Posted: 04 Feb. 2020 12 min. read

A decade of shrinking returns might be prompting pharma to adopt new business models

By Mike DeLone, vice chairman, US life sciences leader, Deloitte LLP

Each January, the life sciences industry gathers in San Francisco for the J.P. Morgan Healthcare Conference. Executives from a wide range of pharmaceutical companies highlight their portfolio strategies, strategic investments, and innovative partnerships. New partnerships were announced, and sessions highlighted new vaccines, cutting-edge immune-inflammation drugs, and advances in cell and gene therapies. But there was a palpable feeling of caution in the air.

This feeling isn’t surprising. As pharmaceutical companies have touted scientific breakthroughs, experienced exceptional returns in some areas, and enjoyed access to abundant capital over the past 10 years, they also have seen their rates of return steadily decline, according to Deloitte’s annual Measuring the Return from Pharmaceutical Innovation report. During that time, the cost to develop a new product has nearly doubled while the time to bring it to market has increased substantially. It’s not that this industry is slow to respond to changes. On the contrary, the pharmaceutical industry is working to overcome challenges that may be more complex than anything any industry has ever been asked to overcome. 

Here’s a look at three key stats from our report… 

  • Returns continue to shrink: We have been monitoring 12 large pharmaceutical companies since our first report in 2010. Ten years ago, those companies reported average returns on innovation of 10.1 percent. That percentage has since fallen to less than 2 percent. During the same period, the cost to bring an asset to market has jumped 67 percent—from $1.18 billion to $1.98 billion. 

  • Clinical cycle times are getting longer: Clinical development cycle times have increased since 2014 despite the advent of accelerated approval pathways around the world. This is being driven, at least in part, by a shift toward oncology and targeted therapies where there is intense competition for patients. Increased use of digital tools might help to improve cycle times, but a radical reduction will likely require transformative approaches including greater reliance on RWE to design synthetic control arms, simulate clinical trials for rare diseases, identify high-responder sub-populations, and pursue label expansion.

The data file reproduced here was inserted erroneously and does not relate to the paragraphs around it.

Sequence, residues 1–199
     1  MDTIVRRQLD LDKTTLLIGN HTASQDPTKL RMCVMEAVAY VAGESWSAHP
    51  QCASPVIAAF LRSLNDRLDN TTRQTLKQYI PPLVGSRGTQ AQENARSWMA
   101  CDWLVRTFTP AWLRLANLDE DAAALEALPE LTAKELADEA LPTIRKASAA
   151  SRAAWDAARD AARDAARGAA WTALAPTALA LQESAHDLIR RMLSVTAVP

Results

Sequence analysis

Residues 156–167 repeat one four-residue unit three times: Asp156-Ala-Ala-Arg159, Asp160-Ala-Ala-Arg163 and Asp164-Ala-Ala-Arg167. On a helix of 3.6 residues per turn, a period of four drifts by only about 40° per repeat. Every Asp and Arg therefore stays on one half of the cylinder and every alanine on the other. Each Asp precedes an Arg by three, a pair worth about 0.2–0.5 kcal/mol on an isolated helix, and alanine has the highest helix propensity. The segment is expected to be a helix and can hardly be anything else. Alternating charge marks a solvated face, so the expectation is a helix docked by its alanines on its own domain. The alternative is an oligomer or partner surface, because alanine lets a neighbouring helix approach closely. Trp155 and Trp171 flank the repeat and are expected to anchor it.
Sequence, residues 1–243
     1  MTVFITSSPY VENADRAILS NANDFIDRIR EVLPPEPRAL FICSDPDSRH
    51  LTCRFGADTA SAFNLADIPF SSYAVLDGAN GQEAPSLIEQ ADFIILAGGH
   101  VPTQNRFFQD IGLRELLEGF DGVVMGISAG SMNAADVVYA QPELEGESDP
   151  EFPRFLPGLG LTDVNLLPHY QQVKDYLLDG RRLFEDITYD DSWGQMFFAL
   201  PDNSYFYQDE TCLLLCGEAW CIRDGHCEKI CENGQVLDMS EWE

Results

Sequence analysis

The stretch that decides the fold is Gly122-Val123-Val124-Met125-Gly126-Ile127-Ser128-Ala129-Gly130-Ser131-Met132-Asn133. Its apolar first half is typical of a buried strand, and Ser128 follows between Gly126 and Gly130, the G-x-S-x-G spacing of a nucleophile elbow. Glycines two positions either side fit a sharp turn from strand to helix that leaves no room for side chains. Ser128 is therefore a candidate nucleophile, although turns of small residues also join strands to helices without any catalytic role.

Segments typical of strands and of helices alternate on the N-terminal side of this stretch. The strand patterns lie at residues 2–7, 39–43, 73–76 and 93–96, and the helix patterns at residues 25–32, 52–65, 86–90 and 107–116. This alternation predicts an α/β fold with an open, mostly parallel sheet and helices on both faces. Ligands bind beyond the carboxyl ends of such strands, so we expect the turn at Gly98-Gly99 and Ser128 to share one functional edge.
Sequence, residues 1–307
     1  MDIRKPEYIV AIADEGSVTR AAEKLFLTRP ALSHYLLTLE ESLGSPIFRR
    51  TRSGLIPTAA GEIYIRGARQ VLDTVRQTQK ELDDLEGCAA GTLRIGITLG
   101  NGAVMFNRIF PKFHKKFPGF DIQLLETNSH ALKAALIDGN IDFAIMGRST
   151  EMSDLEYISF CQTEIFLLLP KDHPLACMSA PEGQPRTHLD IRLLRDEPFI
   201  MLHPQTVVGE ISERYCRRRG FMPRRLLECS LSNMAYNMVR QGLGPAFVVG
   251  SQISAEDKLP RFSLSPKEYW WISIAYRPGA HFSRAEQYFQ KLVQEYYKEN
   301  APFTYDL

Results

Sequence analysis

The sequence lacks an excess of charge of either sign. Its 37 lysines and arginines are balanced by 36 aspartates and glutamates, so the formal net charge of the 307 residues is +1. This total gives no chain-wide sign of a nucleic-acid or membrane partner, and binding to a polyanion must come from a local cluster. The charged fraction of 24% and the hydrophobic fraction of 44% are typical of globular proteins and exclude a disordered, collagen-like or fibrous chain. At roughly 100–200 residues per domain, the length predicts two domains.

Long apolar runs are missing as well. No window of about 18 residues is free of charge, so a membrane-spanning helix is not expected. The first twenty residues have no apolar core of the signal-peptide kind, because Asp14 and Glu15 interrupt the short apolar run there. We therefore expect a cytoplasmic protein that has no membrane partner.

• There are more biologics in the pipeline: The era of small-molecule blockbuster drugs that can treat a large population might be over as the industry turns its attention to personalized cell and gene therapies. A decade ago, small molecules made up 67 percent of the drug pipeline. That percentage has since fallen to 43 percent and we expect it will continue to decrease due to reimbursement pressure and a shift to biologics that target smaller patient populations. Biologics now make up 37 percent of the drug pipeline—up from 15 percent in 2010. Cell and gene therapies, however, can add a new level of complexity to processes that were built around small-molecule or biologic drugs.

…And three trends we expect to shape the sector 

First the good news: Many pharma companies have introduced new business models aimed at improving efficiencies, speeding innovation, reducing costs, and creating more targeted therapies. These changes have the potential to favorably impact returns. Moreover, the US Food and Drug Administration (FDA) has been approving more products in recent years. In 2019, 48 new drugs and 10 biosimilars were approved, according to FDA’s annual report of drug approvals. That’s a significant change from most of the past 10 years when FDA typically approved between 20 and 25 new products a year. Now the bad news: The pharmaceutical sector as a whole has been hamstrung by outdated legacy systems and inefficient processes. This is a situation that can’t continue, and change seems critical for the survival of pharmaceutical companies. Here’s a look at three key trends that are shaping pharmaceutical companies: